Bullies in the Ranks
 It Is Still About The Members Isn't It
 Tom's Purpose
About Workers Online
Latest Issue
Print Latest Issue
Previous Issues
Advanced Search

other LaborNET sites

Labor Council of NSW
Vic Trades Hall Council
IT Workers Alliance
Unions on LaborNET
Evatt Foundation

Labor for Refugees



The Secret Life of Us

The fact that casual workers are too scared to come forward and testify about the need for job security seems to prove their basic point � no matter how long or how well you work, you can never feel safe in your job.

In an era where more workers are employed at the day to day whim of an employer, or increasingly, a labour hire company the notion of stepping up and telling the world what's going on at work has never been as intimidating.

As someone whose job is to get union stories covered in the media, I know there is a real thirst and demand for 'real workers' to illustrate stories about the modern workplace.

But it's becoming a big ask. To speak out is increasingly seen not as an act of principle, but an act of stupidity.

That's because any worker who does speak out knows they will be branded a trouble-maker, have their hours cut back or simply taken off the roster.

All of which make young women like Megan Colman and Rachel Hodges, who have taken strike action in support of their manager who was sacked for refusing to cut staff numbers, all the more courageous.

As for the young zoo worker who raised issues of management impropriety while on probation, she should be being congratulated rather than looking for another job.

Understandably though, these young women are the exceptions that prove the rule.

At a time when we routinely send troops overseas in the name of freedom, we seem to have surrendered our voices of dissent in the workplace.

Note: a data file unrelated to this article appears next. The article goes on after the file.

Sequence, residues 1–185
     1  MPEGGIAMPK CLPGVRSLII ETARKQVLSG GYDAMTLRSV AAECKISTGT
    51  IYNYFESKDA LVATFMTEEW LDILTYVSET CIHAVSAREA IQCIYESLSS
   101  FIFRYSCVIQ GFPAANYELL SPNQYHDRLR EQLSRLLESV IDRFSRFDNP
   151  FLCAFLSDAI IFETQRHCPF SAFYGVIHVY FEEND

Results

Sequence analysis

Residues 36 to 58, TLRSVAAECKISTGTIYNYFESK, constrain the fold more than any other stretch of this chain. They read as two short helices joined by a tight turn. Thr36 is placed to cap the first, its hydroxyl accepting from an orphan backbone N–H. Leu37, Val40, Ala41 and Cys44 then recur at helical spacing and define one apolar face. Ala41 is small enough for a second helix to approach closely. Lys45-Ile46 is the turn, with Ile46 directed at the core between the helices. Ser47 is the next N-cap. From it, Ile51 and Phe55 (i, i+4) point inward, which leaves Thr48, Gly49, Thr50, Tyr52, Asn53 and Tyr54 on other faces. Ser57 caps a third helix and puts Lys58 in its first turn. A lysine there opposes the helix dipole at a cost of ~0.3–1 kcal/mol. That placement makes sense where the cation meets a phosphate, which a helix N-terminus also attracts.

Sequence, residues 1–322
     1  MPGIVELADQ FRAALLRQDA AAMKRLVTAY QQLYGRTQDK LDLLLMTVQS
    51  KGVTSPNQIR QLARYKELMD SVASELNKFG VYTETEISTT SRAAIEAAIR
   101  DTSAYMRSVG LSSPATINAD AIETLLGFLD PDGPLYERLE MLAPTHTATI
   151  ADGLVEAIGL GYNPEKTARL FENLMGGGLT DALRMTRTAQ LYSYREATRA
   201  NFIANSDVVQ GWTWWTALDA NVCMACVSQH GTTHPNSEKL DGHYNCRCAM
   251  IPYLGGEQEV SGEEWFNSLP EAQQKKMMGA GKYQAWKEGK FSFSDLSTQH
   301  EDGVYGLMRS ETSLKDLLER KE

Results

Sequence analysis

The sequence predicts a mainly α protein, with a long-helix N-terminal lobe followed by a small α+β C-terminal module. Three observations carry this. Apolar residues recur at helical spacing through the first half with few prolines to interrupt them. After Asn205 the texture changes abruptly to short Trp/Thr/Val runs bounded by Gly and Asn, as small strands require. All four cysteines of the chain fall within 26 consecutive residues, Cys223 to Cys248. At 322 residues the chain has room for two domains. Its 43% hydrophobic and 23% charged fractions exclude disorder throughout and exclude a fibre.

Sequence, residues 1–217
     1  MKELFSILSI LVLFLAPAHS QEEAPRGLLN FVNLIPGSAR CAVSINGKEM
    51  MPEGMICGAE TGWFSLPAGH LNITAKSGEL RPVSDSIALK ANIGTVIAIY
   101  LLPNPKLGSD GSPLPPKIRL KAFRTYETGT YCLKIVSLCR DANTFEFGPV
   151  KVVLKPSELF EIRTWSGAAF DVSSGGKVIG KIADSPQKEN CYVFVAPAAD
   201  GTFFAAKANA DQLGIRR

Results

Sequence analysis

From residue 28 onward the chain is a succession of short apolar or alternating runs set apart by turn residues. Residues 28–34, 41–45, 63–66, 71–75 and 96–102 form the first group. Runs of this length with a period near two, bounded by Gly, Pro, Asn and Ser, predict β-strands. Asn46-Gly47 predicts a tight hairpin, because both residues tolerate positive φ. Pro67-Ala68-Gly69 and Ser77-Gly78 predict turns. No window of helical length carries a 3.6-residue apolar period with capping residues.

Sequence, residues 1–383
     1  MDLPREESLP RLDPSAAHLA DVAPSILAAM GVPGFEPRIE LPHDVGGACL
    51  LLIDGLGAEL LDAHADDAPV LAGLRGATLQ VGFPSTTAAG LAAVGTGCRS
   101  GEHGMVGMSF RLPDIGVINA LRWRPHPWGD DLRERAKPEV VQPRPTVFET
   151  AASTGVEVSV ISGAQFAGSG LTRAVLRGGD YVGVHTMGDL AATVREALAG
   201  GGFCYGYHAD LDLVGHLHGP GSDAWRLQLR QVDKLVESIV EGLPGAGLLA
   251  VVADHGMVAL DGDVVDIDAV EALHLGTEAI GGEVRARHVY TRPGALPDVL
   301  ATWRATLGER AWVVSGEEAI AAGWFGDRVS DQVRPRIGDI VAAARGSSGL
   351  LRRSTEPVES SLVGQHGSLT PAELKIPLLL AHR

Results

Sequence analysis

While individuals, like bank manager Joy Buckland, have won in the courts after being disciplined for talking to the media, a system where individuals have to take further action to assert their rights is hardly an option.

The end point must be legally enforceable rights to speak up on workplace issues, fundamental rights that override any confidentiality clauses in employment contracts, recognising that freedom of speech can't be traded away.

But a great starting point would be a strong statement from the NSW Industrial Relations Commission that casual workers who give evidence in the Secure Employment Test case will do so knowing they are safe from retribution.

If it doesn't, the prospect of getting a real picture of the impact of economic policies on our working lives will remain seriously diminished and with it working lives of decent families will remain a secret battle.

Peter Lewis



*   View entire issue - print all of the articles!

*   Issue 189 contents

email workers to a friend printer-friendly version latest breaking news from labornet

Search All Issues | Latest Issue | Previous Issues | Print Latest Issue

© 1999-2002 Workers Online
Workers Online is a resource for the Labour movement
provided by the Labor Council of NSW
Last Modified: 15 Nov 2005

Powered by APT Solutions
Labor Council of NSW Workers Online